After spending most of the movie having everyone believe Vic might be a murderer (which we assume will be disproven at some point in the final act), director Lyne just outright shows him kill Melinda’s fourth lover (Finn Wittrock) in such a ludicrous way that it’s laughable. In fact, the final act of the movie plays out more like a comedy than anything else, with car chases, more death, dramatic discoveries, and a final decision by Melinda that is certifiably insane.

The tone of Deep Water is just off, to the point where it sometimes feels like a pitch-black comedy and other times it’s a portrait of a sociopath married to a psychopath. There is next to no motivation for either character’s actions, and Affleck spends 75 percent of the movie in a perpetual glare at either his wife or her lovers (or both). At one point, Melinda tells him that this whole arrangement has always been a game, but I don’t understand the rules or who benefits from these two chuckleheads staying married. The only times in the film when Affleck doesn’t seem utterly miserable are when he spends time with his two best friends (Lil Rel Howery and Dash Mihok), but even then, they spend most of their time together berating him for putting up with his wife’s nonsense.

Affleck and De Armas were dating when they made this movie, yet they lack any type of passion or even chemistry. He just swoons over her, and she laughs in his face and flaunts her infidelities. Where’s the fun in that? Still, if it’s possible to truly dislike a film and still want to recommend people watch it just so you can talk about it with someone, Deep Water is that film. There are lapses in judgment, in logic, in the very fabric of time. It doesn’t make a lot of sense, but it all seems to matter, even when it doesn’t. Now go watch this movie and hate it later.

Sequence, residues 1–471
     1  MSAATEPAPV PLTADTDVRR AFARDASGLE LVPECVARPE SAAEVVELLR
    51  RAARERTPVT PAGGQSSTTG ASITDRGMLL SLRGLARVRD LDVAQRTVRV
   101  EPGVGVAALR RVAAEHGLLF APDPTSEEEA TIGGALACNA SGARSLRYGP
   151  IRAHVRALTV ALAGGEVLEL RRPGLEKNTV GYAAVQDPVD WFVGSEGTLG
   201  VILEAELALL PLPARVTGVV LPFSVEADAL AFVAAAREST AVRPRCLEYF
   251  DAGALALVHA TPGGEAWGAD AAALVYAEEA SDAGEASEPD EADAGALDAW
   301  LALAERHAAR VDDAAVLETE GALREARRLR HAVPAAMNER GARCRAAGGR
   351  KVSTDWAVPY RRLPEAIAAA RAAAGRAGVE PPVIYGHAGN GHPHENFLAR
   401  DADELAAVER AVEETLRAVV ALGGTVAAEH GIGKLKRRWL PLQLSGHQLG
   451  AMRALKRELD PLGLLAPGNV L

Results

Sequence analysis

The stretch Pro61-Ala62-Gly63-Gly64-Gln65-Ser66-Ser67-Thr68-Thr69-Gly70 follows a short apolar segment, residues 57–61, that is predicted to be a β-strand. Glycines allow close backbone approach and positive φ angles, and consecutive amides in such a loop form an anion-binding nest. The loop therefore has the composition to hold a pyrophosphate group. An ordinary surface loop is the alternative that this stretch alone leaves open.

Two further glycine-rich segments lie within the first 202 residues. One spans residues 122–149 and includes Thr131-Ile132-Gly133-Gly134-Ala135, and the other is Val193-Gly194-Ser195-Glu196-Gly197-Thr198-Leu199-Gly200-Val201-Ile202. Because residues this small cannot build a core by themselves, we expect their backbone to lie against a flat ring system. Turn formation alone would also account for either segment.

The film is now streaming on Hulu.

Did you enjoy this post? Please consider supporting Third Coast Review’s arts and culture coverage by making a donation. Choose the amount that works best for you, and know how much we appreciate your support! 

Picture of the author
Steve Prokopy

Steve Prokopy is chief film critic for the Chicago-based arts outlet Third Coast Review. For nearly 20 years, he was the Chicago editor for Ain’t It Cool News, where he contributed film reviews and filmmaker/actor interviews under the name “Capone.” Currently, he’s a frequent contributor at /Film ( and Backstory Magazine. He is also the public relations director for Chicago's independently owned Music Box Theatre, and holds the position of Vice President for the Chicago Film Critics Association. In addition, he is a programmer for the Chicago Critics Film Festival, which has been one of the city's most anticipated festivals since 2013.